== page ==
I can’t quite get my head around the fact that I’m standing on terrain that is actually younger than I am.
It’s a concept that changes the way I view the planet, making me think of it more like an evolving, growing entity. I bend down and gingerly touch the dark soil as though it’s something alien; I’m slightly awestruck.
If I’d been in this spot prior to October 1971, someone would be calling the emergency services by now as I’d have been in over my head, battling Atlantic swells.
The route linking the San Antonio Volcano at Fuencaliente and the southern tip of La Palma beyond the Teneguía Volcano, which erupted in 1971 creating a slightly bigger La Palma, is more than just a jolly jaunt through a dark satanic landscape.
It’s a walk through a wondrous world which, relatively speaking, few visitors have set foot on, yet it’s a land that has such power that when some Americans hear the name La Palma they connect it with an apocalyptic tsunami that will destroy their world.
A BBC documentary in 2000 made La Palma infamous with claims that a huge chunk of the island could detach, slip into the Atlantic and send a mega tsunami tearing across the Atlantic. Having interviewed Dr Simon Day, one of the scientists involved, a couple of years ago and heard his less sensationalised version it’s not something I’m going to lose any sleep over. But there’s no denying that it adds spice to walking in a land that has displayed relatively recent volatile tendencies.
The route starts at the San Antonio Volcano near Fuencaliente (or Los Canarios as it’s also confusingly known) where there’s a decent little Visitor Centre and an abstract open air art gallery. San Antonio last threw a spectacular natural fireworks party at the end of 1677. It looks exactly like you want your volcanic crater to look like and has a mini pine forest in its centre.
It’s a bit of a detour to enjoy a wander around San Antonio’s rim but the rewards are views along the island’s west coast where destructive volcanic slopes now nurture neat rows of vines, some of which produce the famous Malvasia wines. In the other direction, floating ghostlike on the horizon beyond a ruddy and basaltic terrain, are Tenerife, La Gomera and the tiddler of the Canary Islands, El Hierro.
From here it’s just a seven kilometres gentle descent through cones, craters and unnatural rock formations, the result of the earth’s cooled and solidified spewings, to La Palma’s new world on the coast. There is no shade, so it’s a route where a hat and plenty of water is required.
Whilst the route through a volcanic world is interesting, it’s the end of the road that intrigues me. Here lies a quirky kingdom.
Amidst the ebony lava are small scenes of normality. In between two volcanic arms is a black sand cove where a handful of colourful umbrellas provide shade for a few sunbathers. Daniel tells us that this is location of the thermal spring that gave the area its name, Fuencaliente. The spring was buried by the lava from the San Antonio eruption in 1677/78 leaving Fuencaliente without its spa for over 300 years. Daniel says there are plans to uncover it and set the hot waters flowing again. But when that might happen is as much a mystery as when bits of the island might start falling into the sea.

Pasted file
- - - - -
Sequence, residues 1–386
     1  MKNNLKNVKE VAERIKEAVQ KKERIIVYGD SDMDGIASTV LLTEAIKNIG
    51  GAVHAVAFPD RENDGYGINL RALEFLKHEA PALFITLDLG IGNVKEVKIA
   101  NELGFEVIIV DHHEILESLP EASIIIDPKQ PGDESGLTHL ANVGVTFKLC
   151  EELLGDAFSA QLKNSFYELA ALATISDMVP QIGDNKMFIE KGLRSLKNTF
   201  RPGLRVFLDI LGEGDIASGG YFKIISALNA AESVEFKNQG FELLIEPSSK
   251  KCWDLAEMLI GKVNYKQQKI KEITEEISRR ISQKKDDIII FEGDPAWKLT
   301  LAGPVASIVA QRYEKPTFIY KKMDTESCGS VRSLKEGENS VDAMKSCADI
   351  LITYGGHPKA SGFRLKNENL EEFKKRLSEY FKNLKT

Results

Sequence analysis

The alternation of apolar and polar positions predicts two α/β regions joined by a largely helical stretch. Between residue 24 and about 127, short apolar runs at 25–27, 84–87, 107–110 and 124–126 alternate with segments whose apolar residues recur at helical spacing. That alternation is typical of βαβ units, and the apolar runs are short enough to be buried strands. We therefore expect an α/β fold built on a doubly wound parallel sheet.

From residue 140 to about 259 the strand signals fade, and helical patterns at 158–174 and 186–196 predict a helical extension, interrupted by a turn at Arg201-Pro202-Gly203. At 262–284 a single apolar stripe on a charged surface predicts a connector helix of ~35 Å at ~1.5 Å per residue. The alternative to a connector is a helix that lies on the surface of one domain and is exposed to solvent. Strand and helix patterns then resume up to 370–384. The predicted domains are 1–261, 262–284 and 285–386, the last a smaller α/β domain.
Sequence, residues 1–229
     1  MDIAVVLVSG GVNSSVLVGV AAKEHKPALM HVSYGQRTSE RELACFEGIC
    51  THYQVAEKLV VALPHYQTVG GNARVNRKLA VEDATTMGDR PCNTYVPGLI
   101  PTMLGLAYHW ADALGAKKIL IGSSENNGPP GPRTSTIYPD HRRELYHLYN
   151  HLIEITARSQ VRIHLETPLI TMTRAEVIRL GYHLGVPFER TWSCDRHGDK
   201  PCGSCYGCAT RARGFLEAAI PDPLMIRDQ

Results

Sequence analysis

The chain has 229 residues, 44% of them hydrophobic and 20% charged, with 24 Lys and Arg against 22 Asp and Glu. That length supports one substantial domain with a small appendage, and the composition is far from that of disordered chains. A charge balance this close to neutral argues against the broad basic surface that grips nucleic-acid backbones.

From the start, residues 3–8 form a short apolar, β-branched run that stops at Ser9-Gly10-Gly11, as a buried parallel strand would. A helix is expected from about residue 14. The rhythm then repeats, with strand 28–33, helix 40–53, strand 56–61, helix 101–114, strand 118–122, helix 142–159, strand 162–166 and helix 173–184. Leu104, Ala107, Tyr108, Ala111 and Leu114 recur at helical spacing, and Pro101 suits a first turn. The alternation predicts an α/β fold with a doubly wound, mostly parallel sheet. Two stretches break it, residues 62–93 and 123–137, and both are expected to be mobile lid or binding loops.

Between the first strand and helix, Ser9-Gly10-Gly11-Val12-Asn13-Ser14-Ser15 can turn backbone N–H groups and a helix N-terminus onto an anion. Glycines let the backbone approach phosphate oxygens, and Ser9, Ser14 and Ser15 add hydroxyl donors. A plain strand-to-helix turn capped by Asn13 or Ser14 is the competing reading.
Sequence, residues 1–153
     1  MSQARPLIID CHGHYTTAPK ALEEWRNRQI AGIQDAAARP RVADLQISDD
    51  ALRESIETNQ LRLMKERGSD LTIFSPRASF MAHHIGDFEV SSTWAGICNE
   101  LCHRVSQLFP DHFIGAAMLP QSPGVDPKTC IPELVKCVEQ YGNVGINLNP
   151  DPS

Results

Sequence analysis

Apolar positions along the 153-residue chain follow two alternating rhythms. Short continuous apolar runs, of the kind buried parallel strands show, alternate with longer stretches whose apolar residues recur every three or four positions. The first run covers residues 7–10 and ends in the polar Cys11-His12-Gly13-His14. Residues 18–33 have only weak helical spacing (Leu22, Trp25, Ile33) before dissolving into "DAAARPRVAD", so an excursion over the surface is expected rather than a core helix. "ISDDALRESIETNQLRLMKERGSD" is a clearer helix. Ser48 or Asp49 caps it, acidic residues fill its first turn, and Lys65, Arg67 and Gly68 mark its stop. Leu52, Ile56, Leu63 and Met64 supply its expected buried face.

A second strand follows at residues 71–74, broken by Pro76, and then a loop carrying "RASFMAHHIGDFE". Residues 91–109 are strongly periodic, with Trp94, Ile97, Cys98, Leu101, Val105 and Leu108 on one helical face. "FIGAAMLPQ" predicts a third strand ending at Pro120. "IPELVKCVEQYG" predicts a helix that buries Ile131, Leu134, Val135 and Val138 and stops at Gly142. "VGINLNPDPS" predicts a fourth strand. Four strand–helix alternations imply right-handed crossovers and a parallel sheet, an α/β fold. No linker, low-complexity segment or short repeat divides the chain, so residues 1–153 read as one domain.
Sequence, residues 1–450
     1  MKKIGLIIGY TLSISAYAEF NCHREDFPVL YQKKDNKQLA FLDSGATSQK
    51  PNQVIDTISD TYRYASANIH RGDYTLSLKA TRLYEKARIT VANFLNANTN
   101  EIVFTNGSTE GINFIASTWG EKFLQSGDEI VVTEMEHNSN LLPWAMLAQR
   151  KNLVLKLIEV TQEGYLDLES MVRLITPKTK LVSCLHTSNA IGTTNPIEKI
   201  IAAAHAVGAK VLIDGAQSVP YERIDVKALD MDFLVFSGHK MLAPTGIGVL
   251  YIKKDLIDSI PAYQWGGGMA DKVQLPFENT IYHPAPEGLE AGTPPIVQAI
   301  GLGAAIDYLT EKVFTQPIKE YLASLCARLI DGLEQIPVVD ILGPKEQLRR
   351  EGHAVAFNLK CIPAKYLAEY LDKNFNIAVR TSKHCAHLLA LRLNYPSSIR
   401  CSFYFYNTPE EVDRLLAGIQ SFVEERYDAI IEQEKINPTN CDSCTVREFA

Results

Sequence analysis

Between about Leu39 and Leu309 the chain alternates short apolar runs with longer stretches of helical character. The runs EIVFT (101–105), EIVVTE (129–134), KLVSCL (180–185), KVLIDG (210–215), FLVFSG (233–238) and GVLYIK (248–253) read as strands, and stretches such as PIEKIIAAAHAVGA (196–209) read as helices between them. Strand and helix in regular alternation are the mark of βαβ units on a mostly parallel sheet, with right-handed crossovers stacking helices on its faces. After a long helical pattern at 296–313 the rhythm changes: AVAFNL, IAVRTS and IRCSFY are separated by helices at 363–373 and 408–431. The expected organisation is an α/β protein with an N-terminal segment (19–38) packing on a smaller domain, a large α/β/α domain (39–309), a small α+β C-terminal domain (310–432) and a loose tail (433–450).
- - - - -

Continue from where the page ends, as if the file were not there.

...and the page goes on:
As well as the few sunbathers, there is a fishing community. Their ramshackle huts with corrugated roofs nestle into the rocks at another sandy cove below not one but two lighthouses whilst their tiny cobalt boats bob happily in a sparkling sea.
Beside the lighthouses lie more quirks, a series of salt pans that keeps the La Palma well stocked with much of its table salt, ensuring the Canarian speciality of papas arrugadas (wrinkly potatoes) are always nice and salty.
There’s something unusual and at the same time reassuring about viewing scenes of normality in such a unique landscape. Like the slopes that are now vineyards, the new land has been used in a productive way. It gives it character otherwise it could just be another rocky formation where we smile and say, ‘very nice’, take a photo or two and turn away to move on to pastures new, in this case maybe not quite so new.
Fuencaliente’s young land stays with you after you’ve left. Maybe because of the notion that not so long ago it didn’t exist and sometime in the future there’s a chance that it will cease to exist yet again.
Fuencaliente Fact-file: The route from San Antonio to the coast is free but access to the Visitor Centre and the San Antonio Volcano itself costs €5. There are also camel rides around the area for around €6.
Conveniently a bus route (L31) links the lighthouses with the San Antonio Volcano. The bus departs from the lighthouse (faro) every two hours from 9.45 to 19.45 but do check that there have been no changes to the timetable otherwise it’s a 6.8 km hike back up the hill. The bus also passes the Hotel Teneguia Princess; very handy for guests.
Buzz Trips strolled through this brave new world courtesy of Patronato de Turismo de La Palma.
Jack is co-owner, writer and photographer for BuzzTrips and the Real Tenerife series of travel websites plus lots of other things. Follow Jack on Google+